Chattanooga a getaway for hiking, history and more in Tennessee

Chattanooga, a historic railway town on the banks of the Tennessee River, is a destination chock-full of local history, food and family friendly activities — all with easy access to nature in the surrounding mountains. Here are some highlights in the Scenic City, in southeastern Tennessee:


Ruby Falls (tickets $11.95-$19.95; 1720 South Scenic Hwy., 423-821-2544, rubyfalls.com), an underground waterfall inside Lookout Mountain, is one of Chattanooga’s most popular draws. On the Georgia side, Lookout Mountain is also home to Rock City, from which you can see seven states on a clear day.

Take a hike through Stringer’s Ridge (outdoorchattanooga.com), a mountainous, 92-acre urban wilderness park that overlooks downtown Chattanooga. The park has three trails ranging from easy to strenuous, plus routes for mountain biking.  


Explore Chattanooga’s heritage as a historic railway city at Chattanooga Choo Choo (1400 Market St., 423-266-5000, choochoo.com), a restored early 20th century train station. Then head around the corner to Station Street, a new entertainment district that’s home to Songbirds Guitar Museum (admission $12 in advance, $15.95 at the door; 35 Station St., 423-531-2473, museum.songbirds.rocks), which charts the evolution of the electric guitars, houses rare axes from artists including Jimi Hendrix, Chuck Berry and Bo Diddley, and at night becomes a concert venue.

The Bessie Smith Cultural Center (closed Sundays, admission $7/adults, $5/seniors and students, $3/ages 6-12; 200 E. Martin Luther King Blvd., 423-266-8658, bessiesmithcc.org) tells the story of the short, colorful life of the “Empress of the Blues,” who was born and raised in Chattanooga. The cultural center also chronicles the history of the city’s African-American community through artifacts and photos.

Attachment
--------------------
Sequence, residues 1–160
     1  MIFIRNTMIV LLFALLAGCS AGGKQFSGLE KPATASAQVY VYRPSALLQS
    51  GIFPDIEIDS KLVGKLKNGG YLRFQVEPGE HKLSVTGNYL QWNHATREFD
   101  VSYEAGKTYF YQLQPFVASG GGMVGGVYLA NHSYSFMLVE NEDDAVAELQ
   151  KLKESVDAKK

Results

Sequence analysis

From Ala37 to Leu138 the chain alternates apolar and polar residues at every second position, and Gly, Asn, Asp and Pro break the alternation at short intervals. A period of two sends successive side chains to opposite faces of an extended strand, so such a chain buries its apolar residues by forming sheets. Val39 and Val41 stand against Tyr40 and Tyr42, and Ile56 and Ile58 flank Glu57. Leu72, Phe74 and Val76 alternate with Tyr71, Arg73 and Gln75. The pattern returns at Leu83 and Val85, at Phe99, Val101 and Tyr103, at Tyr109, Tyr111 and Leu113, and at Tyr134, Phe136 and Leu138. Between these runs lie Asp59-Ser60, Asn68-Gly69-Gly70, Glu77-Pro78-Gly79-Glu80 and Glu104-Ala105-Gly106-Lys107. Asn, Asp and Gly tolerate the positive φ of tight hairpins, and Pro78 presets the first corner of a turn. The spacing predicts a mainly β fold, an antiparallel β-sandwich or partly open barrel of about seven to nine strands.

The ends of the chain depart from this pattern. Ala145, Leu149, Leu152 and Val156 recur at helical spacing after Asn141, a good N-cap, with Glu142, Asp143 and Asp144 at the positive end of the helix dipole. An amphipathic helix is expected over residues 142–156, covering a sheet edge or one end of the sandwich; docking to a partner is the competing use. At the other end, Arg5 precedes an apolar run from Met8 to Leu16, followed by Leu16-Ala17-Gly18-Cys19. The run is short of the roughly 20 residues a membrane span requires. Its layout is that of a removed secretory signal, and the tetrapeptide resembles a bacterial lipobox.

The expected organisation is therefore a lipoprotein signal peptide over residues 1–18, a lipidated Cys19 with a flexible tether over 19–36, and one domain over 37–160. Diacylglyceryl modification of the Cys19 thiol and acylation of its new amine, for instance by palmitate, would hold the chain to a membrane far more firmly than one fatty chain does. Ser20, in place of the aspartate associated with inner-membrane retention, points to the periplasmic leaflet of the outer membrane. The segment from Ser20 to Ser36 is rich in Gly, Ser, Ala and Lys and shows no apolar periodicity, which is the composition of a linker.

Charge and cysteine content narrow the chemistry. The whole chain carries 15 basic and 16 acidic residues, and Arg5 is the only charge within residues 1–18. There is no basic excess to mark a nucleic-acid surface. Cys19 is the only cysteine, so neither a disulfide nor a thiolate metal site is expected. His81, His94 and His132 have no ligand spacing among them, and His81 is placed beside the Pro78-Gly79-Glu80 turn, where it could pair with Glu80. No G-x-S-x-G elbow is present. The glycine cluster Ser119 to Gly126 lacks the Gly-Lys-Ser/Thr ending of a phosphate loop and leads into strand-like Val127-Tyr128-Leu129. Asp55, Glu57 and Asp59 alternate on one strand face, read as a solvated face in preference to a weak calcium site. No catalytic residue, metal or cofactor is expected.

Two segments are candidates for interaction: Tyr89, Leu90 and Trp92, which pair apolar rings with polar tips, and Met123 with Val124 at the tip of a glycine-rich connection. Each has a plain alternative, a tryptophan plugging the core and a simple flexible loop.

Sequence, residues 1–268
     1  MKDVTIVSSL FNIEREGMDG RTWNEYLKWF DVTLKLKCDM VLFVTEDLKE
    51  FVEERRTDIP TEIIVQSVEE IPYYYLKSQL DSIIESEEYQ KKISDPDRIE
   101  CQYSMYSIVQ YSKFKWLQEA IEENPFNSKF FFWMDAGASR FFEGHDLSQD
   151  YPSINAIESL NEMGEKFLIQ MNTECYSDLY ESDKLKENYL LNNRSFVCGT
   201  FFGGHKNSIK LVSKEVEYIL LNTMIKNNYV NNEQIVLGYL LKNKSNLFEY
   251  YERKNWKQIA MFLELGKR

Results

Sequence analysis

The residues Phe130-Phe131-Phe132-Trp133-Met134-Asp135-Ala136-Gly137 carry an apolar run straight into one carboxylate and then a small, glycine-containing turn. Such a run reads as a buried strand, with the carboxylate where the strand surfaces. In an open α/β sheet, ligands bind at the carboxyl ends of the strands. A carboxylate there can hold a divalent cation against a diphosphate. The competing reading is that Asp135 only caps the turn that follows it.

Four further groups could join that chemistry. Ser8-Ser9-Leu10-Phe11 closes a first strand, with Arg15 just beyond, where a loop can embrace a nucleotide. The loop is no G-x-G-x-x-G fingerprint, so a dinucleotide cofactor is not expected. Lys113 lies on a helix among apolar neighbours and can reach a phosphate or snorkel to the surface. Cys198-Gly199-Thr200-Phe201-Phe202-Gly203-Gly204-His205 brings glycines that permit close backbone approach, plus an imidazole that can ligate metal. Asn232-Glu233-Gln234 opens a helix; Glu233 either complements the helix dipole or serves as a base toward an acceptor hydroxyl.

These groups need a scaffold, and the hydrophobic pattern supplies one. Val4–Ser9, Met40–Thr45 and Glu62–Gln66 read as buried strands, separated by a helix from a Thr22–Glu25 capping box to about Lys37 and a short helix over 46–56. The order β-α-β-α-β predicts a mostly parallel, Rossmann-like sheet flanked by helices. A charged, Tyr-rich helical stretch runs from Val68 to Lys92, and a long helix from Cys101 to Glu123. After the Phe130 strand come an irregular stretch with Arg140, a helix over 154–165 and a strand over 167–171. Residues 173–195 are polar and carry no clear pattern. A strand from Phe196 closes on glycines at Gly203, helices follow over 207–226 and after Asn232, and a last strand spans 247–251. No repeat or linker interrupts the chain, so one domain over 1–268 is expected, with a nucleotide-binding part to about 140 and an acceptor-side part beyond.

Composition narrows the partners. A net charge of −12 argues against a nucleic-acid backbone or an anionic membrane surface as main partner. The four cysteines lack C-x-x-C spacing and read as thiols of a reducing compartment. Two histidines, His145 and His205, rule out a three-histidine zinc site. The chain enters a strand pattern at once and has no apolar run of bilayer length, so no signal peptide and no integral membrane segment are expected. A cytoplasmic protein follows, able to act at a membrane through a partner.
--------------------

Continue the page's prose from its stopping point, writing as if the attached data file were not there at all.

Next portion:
Stroll across the Walnut Street Bridge — one of the longest pedestrian walkways in the world, at nearly 2,400 feet, spanning the bucolic Tennessee River — to the city’s Northshore, where several boutiques, art galleries and restaurants await. Be sure to pick up dessert from local favorite Clumpies Ice Cream (26 Frazier Ave., 423-267-5425, clumpies.com).

Explore the Bluff View Art District (bluffviewartdistrictchattanooga.com), a neighborhood that’s home to gardens, a coffee shop and art gallery. Take in the nearby Tennessee River before dinner at Tony’s Pasta Shop (212 High St., 423-265-5033), which serves Italian cuisine in a converted Victorian carriage house.

Enjoy a hyperlocal meal at Main Street Meats (217 E. Main St., 423-602-9568, mainstreetmeatschatt.com), which sources its protein from Tennessee and Alabama and butchers it on-site. The burger with caramelized onion, bacon and Gruyere cheese is a standout.


Getting there: Delta now offers nonstop flights from LaGuardia Airport to Chattanooga in under three hours.

Getting around: Chattanooga’s downtown and riverfront neighborhoods are walkable; there’s also a free shuttle to ferry visitors around the city.

Where to stay: The Westin Chattanooga (801 Pine St., 423-531-4653, westinchattanooga.com) has 260 guest rooms with mountain views. For a boutique experience, there’s the Dwell Hotel (children under 12 not permitted; 120 E. 10th St., 423-267-7866, thedwellhotel.com), with 16 guest rooms and the eclectic restaurant, Solarium.

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